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Can Loans Be Traded?

If you are new to the mortgage market, you may have heard that a loan can change its servicer. That raises the question – can loans be traded? And if so, what does it mean for the terms of the mortgage?

Can loans be traded? Yes, loans can be traded. In fact, the secondary market for loans is a very active and important part of the lending industry.

Loans are usually traded between banks, or between investors and banks. Investors will buy loans from banks, and then sell them to other investors.

This allows banks to get rid of loans that they don’t want, and it also allows investors to invest in different types of loans.

If you are a borrower that has received notice about the servicing rights being passed to another financial institution, there is no need to be alarmed. If a lender has decided to sell a loan, they are not obliged to seek the client’s consent. However, both parties involved are obliged to notify you.

Can Loans Be Traded?

Going through the home-buying process is not easy, but as tiresome as it is, it’s exciting and rewarding. Having a roof over our heads is something many of us strive to have, and a mortgage is a means to an end. So, you’ve purchased your first home and began paying your monthly installments on a regular basis, but one day you receive a notification letter stating that your loan has been sold.

Loans can be traded on the mortgage market, and it is all but an uncommon occurrence. What’s more, a single loan can be sold multiple times until it’s fully paid. But if you are wondering about what happens during this process of trade and how it affects your terms, you should also understand the role that servicer plays and the impact it leaves on the loan.

The Mortgage Originator – Your First Contact in the Lending Process

The first contact you make once you enter the mortgage lending process is the mortgage originator. They are an individual who works for a financial organization, like a loan officer for Charles Schwab & Rocket Mortgage. Or they might be working individually, such as mortgage brokers making money by charging an origination fee.

They will work with you throughout the process and take your original application. They either get directly or indirectly paid for working with a borrower through fees and commissions. They are compensated by the lender or the borrower, but never both.

You Are Funded by the Lender

While a mortgage is a personal property, the lender owns the loan. They are financial institutions such as a large bank (for instance, you may have opted for a Bank of America mortgage) or a credit union (such as Navy Federal Credit Union). Their income comes from charging the interest. The amount of interest rate in your contract will depend on several factors, like your credit score and the type of mortgage loan you have applied for.

Servicers Manage the Loan

After the loan has been finalized, it is managed by the servicer. It is a company that may be the lender or not – they are the ones you make your regular monthly payments to and with whom you interact in case of any issues. They also take care of your escrow account, so they are the ones to inform you whether escrow pays home insurance.

Two people signing a contract

Why Would a Lender Decide to Trade a Loan?

As it’s stated, lenders are the financial entities that fund the loan. However, keep in mind that they do not own inexhaustible funds. Especially since mortgages take time (from 15 to 30 years) to get paid entirely, and they are of considerable amount. That’s why lenders eventually run out of money and need to regain some of the capital. This is usually the most common reason why a lender sells a loan.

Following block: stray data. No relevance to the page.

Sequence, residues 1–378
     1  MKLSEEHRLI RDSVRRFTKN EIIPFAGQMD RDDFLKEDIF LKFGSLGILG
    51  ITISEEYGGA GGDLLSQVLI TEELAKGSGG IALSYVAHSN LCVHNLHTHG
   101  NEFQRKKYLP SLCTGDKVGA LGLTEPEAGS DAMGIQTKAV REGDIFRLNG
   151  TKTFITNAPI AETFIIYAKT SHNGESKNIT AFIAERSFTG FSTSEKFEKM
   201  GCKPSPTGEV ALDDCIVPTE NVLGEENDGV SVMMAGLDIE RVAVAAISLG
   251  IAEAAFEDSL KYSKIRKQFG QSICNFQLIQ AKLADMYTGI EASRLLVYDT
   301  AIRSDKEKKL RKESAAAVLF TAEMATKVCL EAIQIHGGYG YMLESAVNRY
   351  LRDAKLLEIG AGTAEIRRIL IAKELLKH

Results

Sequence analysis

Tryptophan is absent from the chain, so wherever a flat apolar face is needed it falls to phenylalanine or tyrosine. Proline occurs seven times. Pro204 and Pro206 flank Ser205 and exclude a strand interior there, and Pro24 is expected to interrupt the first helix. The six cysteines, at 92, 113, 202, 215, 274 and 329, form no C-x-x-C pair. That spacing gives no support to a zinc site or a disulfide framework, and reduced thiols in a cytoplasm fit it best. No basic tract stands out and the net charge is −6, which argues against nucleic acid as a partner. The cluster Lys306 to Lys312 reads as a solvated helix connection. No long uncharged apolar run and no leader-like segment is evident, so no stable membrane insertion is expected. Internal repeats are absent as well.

The other reason is that many lenders do it for profit. While collecting interest rates earns them money over a period of time, trading loans on the mortgage market can bring them profit right away.

Does a Borrower Have Any Rights in the Trading Process?

Loan trading is a standard practice among financial institutions in the mortgage market. However, there are certain rights and obligations that you as a borrower have, and some others that they are not obliged to comply to:

  • A borrower is not required to give their consent before their loan is sold to another financial institution.
  • The lender that owns your loan is currently obliged by the law to notify you at least 15 days before the transaction process begins.
  • The institution which is purchasing the loan should notify you within the next 30 days of finalizing the trading process.
  • You can not stop the loan from being sold on the mortgage market, although this process is nothing to be alarmed about.

How Does the Notification Letter Look Like?

Since the new owner of your loan is due to send you a notification letter in less than 30 days, it should contain several items. First of all, it should state the full name of the new owner (such as the full name of a bank or other institution). Besides it, it should also state the full and correct address of the servicer and a contact for the individual that manages everything and can resolve any issues. It should contain the exact date when the transaction was finalized and the information on whether this transaction is available in the public records.

A woman handing over a paper

Don’t Fret – The Trade Will Not Affect the Terms of Your Mortgage

Receiving a notification letter that informs you about your loan being sold is nothing to worry about because it is quite a common occurrence. In the end, nothing significant changes for you – the terms remain the same, and the only thing that changes is the name of the company you make your payments to. However, if you notice anything out of the ordinary, you should act immediately. Contact the current owner of your loan to sort things out and overcome any obstacles.